Bringing the Caribbean to Columbia City

Columbia city is celebrating the birth of another fine new restaurant, Island Soul. Specializing in Caribbean cuisine, the restaurant has found a place in the space once occupied by The Wellington.

The warmth of the golden-hued space makes you feel like you've left Seattle and are soaking up life, island style, while chowing down on authentic Caribbean food, and that is the goal of owners Theo and Gaelyn Martin.

This amiable couple, with the welcoming smiles, moved their restaurant, formally known as Casuelita's Island Soul of Judkins Park, to Columbia City because it is more of a business and restaurant community. They wanted to offer the area comfort food that island people eat at home on a daily basis in an atmosphere reminiscent of sun and fun.

To do so required experience and a vision. High energy, Martin speaks with the business acumen of a person who loves good food, loves making sure his customers are well-fed, and the knowledge of how a restaurant can build a sense of home for the community.

Martin learned to cook as a teenager with his father Loy Martin, at the Judkins location, a building Theo proudly states has been in his family for 30 years. After cooking for Miss Leonard, a venerable area restaurateur who was known in the area for her weekly Sunday thanksgiving feasts, Martin was eager to branch out on his own.

He worked as a buyer and manager for Nordstrom while cooking full time plus raising a family (the couple have three children). Additionally, he and his wife started Olympic Staffing Service, a successful employment agency, but after four years, Martin was eager to return to his roots as a chef, opening the Judkins Park restaurant in 2003.

The couple moved their restaurant to Columbia City with a grand opening on June 6, just in time for Beatwalk. Martin noted that often restaurants change location and also change the menu, much to the disappointment of their customers. But their fans needn't fear: the menu has remained the same.

Martin sees Island Soul offering the public three things: great food at a good value, great music, and island art. The restaurant will feature live music on the first weekend of every month including reggae, steel drums, Calypso, and zydeco.

"The food and music should make you feel like it takes you away from Seattle, that you are somewhere in the islands so when you walk in the door you want to take off your shoes, put your feet in the sand, and start eating and enjoying yourself," Martin said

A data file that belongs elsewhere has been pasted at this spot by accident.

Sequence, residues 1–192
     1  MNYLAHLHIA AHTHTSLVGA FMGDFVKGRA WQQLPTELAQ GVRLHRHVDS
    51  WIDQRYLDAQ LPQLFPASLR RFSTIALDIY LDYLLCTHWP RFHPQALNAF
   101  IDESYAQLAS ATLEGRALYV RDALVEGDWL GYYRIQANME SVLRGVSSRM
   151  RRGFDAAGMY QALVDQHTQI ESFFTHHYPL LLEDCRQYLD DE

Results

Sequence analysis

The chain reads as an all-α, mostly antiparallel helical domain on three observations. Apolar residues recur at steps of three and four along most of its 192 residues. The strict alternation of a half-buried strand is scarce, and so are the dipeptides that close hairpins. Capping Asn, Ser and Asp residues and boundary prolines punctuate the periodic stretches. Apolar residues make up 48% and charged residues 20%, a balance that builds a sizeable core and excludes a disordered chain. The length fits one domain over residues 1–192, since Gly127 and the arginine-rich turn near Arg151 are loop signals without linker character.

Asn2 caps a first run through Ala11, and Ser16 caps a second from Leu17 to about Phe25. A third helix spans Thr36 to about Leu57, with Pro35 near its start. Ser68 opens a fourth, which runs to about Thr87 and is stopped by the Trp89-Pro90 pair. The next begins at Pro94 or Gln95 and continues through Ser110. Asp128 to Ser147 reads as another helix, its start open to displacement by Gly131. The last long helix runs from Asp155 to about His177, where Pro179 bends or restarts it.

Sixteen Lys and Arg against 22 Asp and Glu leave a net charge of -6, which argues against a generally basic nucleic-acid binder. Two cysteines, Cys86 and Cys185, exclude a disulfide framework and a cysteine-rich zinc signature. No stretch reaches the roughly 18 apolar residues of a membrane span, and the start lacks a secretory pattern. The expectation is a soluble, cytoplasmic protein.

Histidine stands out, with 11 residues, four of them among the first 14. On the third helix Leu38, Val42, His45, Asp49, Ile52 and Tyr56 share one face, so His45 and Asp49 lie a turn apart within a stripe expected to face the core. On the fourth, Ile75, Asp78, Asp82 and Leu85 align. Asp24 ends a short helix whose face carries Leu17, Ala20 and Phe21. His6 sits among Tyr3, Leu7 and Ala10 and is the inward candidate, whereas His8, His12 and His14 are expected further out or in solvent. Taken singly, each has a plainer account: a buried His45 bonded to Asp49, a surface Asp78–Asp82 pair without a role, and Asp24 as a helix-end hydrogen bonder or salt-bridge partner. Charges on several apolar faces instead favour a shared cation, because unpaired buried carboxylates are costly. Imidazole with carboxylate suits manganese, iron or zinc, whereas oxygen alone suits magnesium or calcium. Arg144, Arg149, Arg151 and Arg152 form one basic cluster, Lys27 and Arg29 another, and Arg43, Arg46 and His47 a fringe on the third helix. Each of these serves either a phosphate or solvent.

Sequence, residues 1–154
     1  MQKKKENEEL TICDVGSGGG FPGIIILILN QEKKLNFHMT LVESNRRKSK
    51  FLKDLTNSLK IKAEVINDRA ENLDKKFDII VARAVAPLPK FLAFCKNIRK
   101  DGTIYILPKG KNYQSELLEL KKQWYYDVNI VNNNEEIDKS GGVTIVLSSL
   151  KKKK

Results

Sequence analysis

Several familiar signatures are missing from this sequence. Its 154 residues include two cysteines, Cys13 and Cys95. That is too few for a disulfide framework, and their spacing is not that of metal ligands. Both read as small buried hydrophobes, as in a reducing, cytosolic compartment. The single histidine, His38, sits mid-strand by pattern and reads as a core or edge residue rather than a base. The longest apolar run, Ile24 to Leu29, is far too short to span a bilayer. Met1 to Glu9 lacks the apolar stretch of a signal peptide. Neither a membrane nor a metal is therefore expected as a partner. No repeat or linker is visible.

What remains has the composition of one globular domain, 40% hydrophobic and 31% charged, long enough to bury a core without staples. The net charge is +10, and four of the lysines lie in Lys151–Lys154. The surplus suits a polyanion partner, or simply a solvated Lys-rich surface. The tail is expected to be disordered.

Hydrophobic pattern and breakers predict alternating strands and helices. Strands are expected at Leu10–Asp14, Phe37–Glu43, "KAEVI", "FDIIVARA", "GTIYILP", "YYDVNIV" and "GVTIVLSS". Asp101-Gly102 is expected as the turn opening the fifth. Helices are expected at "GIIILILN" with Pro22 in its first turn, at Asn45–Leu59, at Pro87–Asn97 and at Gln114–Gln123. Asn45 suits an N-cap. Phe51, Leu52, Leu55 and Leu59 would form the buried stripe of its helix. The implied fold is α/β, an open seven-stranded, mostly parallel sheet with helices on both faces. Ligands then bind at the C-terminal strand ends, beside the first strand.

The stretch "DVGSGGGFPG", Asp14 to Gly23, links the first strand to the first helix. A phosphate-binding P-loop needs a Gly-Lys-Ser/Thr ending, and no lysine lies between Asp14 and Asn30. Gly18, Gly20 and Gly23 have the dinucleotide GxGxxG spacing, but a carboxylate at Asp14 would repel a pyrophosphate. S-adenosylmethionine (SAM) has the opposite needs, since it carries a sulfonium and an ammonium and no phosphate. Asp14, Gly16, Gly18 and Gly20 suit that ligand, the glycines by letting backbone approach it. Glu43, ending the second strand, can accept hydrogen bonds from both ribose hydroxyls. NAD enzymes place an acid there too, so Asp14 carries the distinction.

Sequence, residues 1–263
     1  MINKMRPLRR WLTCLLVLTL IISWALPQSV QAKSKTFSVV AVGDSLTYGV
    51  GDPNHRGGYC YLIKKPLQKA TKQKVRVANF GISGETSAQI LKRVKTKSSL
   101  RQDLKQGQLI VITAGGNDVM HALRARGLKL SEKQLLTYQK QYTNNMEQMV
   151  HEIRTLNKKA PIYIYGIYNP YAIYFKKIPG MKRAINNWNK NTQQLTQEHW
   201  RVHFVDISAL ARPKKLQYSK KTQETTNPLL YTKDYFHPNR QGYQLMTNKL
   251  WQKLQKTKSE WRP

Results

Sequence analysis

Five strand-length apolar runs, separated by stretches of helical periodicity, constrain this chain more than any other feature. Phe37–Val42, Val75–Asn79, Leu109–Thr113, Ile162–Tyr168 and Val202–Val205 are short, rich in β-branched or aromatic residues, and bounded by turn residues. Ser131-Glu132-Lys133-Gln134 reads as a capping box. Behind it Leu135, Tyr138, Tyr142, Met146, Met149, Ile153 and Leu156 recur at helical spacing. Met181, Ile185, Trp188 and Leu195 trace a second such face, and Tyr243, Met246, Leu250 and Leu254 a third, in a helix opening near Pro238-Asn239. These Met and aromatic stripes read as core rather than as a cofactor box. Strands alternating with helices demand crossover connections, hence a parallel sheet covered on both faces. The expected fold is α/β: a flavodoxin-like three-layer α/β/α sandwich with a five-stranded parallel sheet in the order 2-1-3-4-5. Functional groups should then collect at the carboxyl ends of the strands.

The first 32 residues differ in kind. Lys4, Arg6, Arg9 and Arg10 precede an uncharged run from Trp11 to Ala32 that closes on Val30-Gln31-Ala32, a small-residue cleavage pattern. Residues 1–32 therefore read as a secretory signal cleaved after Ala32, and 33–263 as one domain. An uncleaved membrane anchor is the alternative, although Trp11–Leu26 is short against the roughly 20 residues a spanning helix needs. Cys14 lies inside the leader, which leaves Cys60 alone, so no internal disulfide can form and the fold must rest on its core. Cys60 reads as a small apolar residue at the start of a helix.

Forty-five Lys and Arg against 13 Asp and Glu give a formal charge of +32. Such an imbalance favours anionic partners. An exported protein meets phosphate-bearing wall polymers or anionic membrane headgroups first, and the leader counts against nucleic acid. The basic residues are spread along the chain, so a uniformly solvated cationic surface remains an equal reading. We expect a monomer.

The Martins themselves enjoy dining out and try to offer their customers the same quality and value they expect when they visit a restaurant.

"I like fresh food, good stuff, not food that's been sitting in the fridge, and food at a good price. If I give the customer a good price and a quality product, plus ample portions, they'll return to eat two-three times a month, instead of once a month," Martin said with a smile. " You know, 90 percent of our customers followed us from our other location, and our goal is to retain 100 percent of the new ones."

Gaelyn agreed, stating that, "We want our restaurant to be a comfortable kind of place, comfortable enough so you want to come back, that hometown feeling where you know everyone. We want a place where people are known personally, that vibe that people get where the proprietors actually remember the customer, what they like to eat, and they are treated like family."

If the crowds are any indication, the Martins are accomplishing just that. On a recent Tuesday night at 9:30 p.m., the place was bustling and the enticing aroma of island cooking wafted into the soft night air.

Still, if the Martins have a secret ingredient for their success, it may be in their chef Bobby Laing. Raised in Jamaica in Ochorios, Laing learned his skills cooking at his brother's restaurant on the island. With 20 years in the trade, this modest gentleman with a shy smile knows and loves Jamaican cooking

"To be honest, Jamaican cuisine is not just one style," Laing said. "It is a fusion of the foods of many people such as Dutch, French, Spanish, African, a blend of everybody. For me as a chef, I love to do what I do, and I do it with heart and soul. When I make food and the customers are pleased with what they get, it makes me very happy."

But be forewarned, readers: portions are amply sized at Island Soul, and like a doting grandma who plies you with food, guests will not leave hungry. Customers can feast on tostones, seafood fritters, Jerk, barbecue, collard greens, snapper, goat, oxtails, and ribs, among others.

Vegetarian preferences are included with dishes such as Tamal Azteca, a kind of veggie lasagna, enormous salads, yams, plantains, and black beans. All desserts are made in-house.

"Bobby grew up using the spices found in Jamaican food, and for him it's instinctive," Martin said. "He knows the taste, how this food is supposed to taste as anyone would who has grown up there."

Island Soul is located at 4869 Rainier Ave. S. 329-1202. The hours of operation are 11 a.m.-2 p.m. and 5-10 p.m., Monday-Saturday. Closed Sunday.

Mary Sanford may be reached via[[In-content Ad]]